Before they leave, Circe gives Odysseus the spell to call the dead from the underworld. We talked about this in the article on necromancy. She provides him with the animals he needs to make his sacrifice. Once he returns from their trip to the underworld, Circe dispenses more advice. She tells him how to pass the hideous sea monster, Scylla, and how to pass the Sirens unscathed.
Yarnall notes that Odysseus keeps asking how to ‘fight’ everything. Circe’s instructions often involve avoiding fighting. ‘Running away’ in some cases is just as heroic as stopping to do battle (1994: 17). Here, Circe also demonstrates her superiority. She has the power of prophecy and the longevity of divinity on her side. Both trump the limits of military prowess when it comes to encountering other, equally divine threats.
While Circe plays a large part in the Odyssey, later writers cast her as being a wanton temptress. Over time, she’s identified more as a dangerous figure to men. Her associations with sorcery and even her own divinity fall away. They’re replaced by lasciviousness or lust, which are wholly unjustified. Perhaps we should revisit Circe and ignore all the ‘false news’ along the way.
So what’s the fascination with these three famous witches?
The three figures cover quite the gamut of witch representation. All three are capable of providing aid or gifts, and all three are capable of causing harm. (Though, in Befana’s case, that’s only if you manage to spot her!)
Yet heroes must seek out Circe and Baba Yaga. You have to enter their world to ask for help. They won’t come to you. This also means they won’t dispense arbitrary punishment unless you enter their space. They’re not like the ‘evil witch’ stereotype, preying on the unwary. Instead, they may cause harm, but only upon those who cross their path.
Befana is the exception, able to enter your home. Though she can only do so on a specified night of the year, and there is no reason to deny her access.
Scholars have tried to find links from Befana and Baba Yaga back to ancient goddesses. Though it’s beyond the scope of this post to decide how likely those links are. Yet in Circe, we find an ancient goddess ready formed, though she’s more often remembered as a witch than a goddess in her own right.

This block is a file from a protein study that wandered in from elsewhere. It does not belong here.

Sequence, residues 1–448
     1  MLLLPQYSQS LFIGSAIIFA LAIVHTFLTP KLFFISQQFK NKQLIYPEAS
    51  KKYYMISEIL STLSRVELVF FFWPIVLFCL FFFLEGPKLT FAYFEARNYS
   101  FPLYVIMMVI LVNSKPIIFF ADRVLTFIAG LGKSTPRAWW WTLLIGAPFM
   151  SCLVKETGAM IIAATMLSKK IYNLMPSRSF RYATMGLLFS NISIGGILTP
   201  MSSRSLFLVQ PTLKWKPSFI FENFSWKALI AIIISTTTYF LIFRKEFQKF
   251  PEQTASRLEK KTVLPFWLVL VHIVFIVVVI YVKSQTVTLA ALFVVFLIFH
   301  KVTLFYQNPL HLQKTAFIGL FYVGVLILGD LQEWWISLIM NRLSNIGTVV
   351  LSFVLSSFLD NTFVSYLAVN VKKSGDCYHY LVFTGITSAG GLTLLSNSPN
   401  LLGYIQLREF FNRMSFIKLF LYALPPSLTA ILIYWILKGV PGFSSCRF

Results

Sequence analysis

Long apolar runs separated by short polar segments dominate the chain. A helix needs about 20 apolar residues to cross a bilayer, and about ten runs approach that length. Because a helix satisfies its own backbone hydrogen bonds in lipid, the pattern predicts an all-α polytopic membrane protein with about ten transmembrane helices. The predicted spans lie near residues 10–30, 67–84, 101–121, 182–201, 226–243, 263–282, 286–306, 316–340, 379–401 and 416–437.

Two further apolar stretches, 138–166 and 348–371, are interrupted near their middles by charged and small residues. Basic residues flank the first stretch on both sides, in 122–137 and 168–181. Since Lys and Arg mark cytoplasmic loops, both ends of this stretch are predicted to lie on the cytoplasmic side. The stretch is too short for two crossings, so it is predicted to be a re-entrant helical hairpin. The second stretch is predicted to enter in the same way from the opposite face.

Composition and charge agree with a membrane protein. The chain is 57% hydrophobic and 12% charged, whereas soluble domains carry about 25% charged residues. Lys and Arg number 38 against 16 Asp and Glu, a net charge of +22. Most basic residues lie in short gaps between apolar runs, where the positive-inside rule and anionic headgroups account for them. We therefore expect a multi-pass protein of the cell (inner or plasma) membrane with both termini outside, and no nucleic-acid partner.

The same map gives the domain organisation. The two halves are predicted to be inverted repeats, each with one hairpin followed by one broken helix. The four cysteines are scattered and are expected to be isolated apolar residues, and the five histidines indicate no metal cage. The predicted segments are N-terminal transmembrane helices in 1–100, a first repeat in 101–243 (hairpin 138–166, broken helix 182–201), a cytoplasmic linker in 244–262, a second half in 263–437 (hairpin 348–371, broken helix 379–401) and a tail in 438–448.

I feel like they sit on a spectrum. Befana’s benevolence is at one end. Baba Yaga’s capricious and unpredictable malevolence sits at the other. And Circe sits in the middle, not malicious but capable of offering great advice and aid to those who deserve it.
Where would you sit on that spectrum?
Blunt, John J. (1823), Vestiges of ancient manners and customs, discoverable in modern Italy and Sicily, London: J. Murray, available here.
Greene, Heather (2016), ‘La Befana turns winter into a season for the Witch’, Wild Hunt, https://wildhunt.org/2016/01/la-befana-turns-winter-into-a-season-for-the-witch.html.
Hill, Dorothy Kent (1941), ‘Odysseus’ Companions on Circe’s Isle’, The Journal of the Walters Art Gallery, 4, pp. 119-122.
Italia Living (2019), ‘The Feast of the Epiphany and Celebration of La Befana’, Italia Living, https://italialiving.com/articles/lifestyle/the-feast-of-the-epiphany-and-celebration-of-la-befana/.
Johns, Andreas (2010), Baba Yaga: The Ambiguous Mother and Witch of the Russian Folktale, New York: Peter Lang.
Manciocco, Claudia and Luigi (2006), ‘A Journey Around the Figure of the Befana’, Stregheria.com, http://www.stregheria.com/Befana.htm.
Yarnell, Judith (1994), Transformations of Circe: The History of an Enchantress, Chicago: University of Illinois Press.An image of a
Nutty about folklore and want more?
Add your email below and get these posts in your inbox every week.
You'll also get my 5-step guide to protecting your home using folklore!